Orchid Reblooming


resting orchids

When your orchid enters its resting phase, you’re left with a bare stalk and green leaves. While your resting orchid may not match your decor, it’s good for your plant — it’s storing up the energy to give you another round of beautiful flowers. 

trigger reblooming

Fertilize Icon

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frequently asked questions

What to do when your orchid stops blooming?

After all the flowers have fallen off your orchid, you have several options.

Option 1  Discard
If you don't want to rebloom, discard the original orchid.

Option 2  Rebloom your orchid

  • Step 1   If you would like to rebloom, remove stake and clips first.
  • Step 2   Evaluate the health of the stems. If they are still green and healthy, cut the spike an inch above the healthiest node (usually the one closest to the bloom).
  • Step 3   If your spike has turned brown or dried up, cut the spike at the base. Then continue to care for the orchid like normal, with additional fertilizing to trigger reblooming.
How do you know your orchid is preparing to bloom again?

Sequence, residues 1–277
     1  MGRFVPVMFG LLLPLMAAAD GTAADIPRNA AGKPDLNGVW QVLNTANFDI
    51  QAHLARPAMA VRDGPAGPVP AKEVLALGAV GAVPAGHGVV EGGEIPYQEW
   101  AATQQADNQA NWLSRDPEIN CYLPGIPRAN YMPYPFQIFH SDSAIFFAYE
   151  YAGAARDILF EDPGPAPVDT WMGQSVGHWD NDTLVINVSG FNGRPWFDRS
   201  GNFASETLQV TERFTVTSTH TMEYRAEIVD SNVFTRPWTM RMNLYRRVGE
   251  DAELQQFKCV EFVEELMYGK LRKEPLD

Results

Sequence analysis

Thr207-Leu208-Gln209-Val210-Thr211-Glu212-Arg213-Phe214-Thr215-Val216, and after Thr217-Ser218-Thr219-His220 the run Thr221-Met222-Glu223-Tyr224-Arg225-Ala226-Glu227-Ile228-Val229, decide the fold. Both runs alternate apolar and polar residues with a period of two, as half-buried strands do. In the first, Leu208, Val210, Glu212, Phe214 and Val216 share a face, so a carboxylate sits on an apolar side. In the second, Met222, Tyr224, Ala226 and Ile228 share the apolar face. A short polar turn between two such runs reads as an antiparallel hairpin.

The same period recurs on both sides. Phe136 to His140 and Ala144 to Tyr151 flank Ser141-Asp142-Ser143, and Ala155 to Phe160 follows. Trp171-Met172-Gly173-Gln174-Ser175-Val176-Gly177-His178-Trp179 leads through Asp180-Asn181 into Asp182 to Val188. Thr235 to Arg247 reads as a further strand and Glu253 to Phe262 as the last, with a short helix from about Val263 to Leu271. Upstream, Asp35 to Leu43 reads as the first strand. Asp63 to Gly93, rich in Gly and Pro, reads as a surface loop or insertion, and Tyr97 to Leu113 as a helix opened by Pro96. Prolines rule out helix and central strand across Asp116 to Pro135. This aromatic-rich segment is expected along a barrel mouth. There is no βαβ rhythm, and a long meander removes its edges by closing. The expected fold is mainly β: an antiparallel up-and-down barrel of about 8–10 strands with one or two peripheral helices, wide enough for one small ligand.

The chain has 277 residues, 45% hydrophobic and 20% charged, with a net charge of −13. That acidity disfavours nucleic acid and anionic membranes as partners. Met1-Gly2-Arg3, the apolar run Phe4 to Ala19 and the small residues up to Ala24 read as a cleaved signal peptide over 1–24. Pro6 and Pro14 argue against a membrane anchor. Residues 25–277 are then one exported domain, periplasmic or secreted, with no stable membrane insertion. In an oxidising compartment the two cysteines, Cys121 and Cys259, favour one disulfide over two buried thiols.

You’ll know your orchid is preparing to bloom again when you notice what looks like a root  sprouting from the media. The difference, though, is the tip of this growth will take on the shape of a mitten. If it’s just a root, it will maintain its rounded edge.

Orchid with new bud

As your new spike grows, you might need to support it with a stake. But be sure to wait until the spike has finished growing before you clip it onto a stake.

Resist the urge to display your new budding blooms elsewhere in your home. Exposing budding blooms to a new sunlight location can cause the floral display to become twisted. After your blossom has fully formed, feel free to move your orchid to a new location.

Orchid Reblooming Guide
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Your Personal Guide toOrchid Reblooming

Learn how to trigger orchid reblooming in our step by step guide.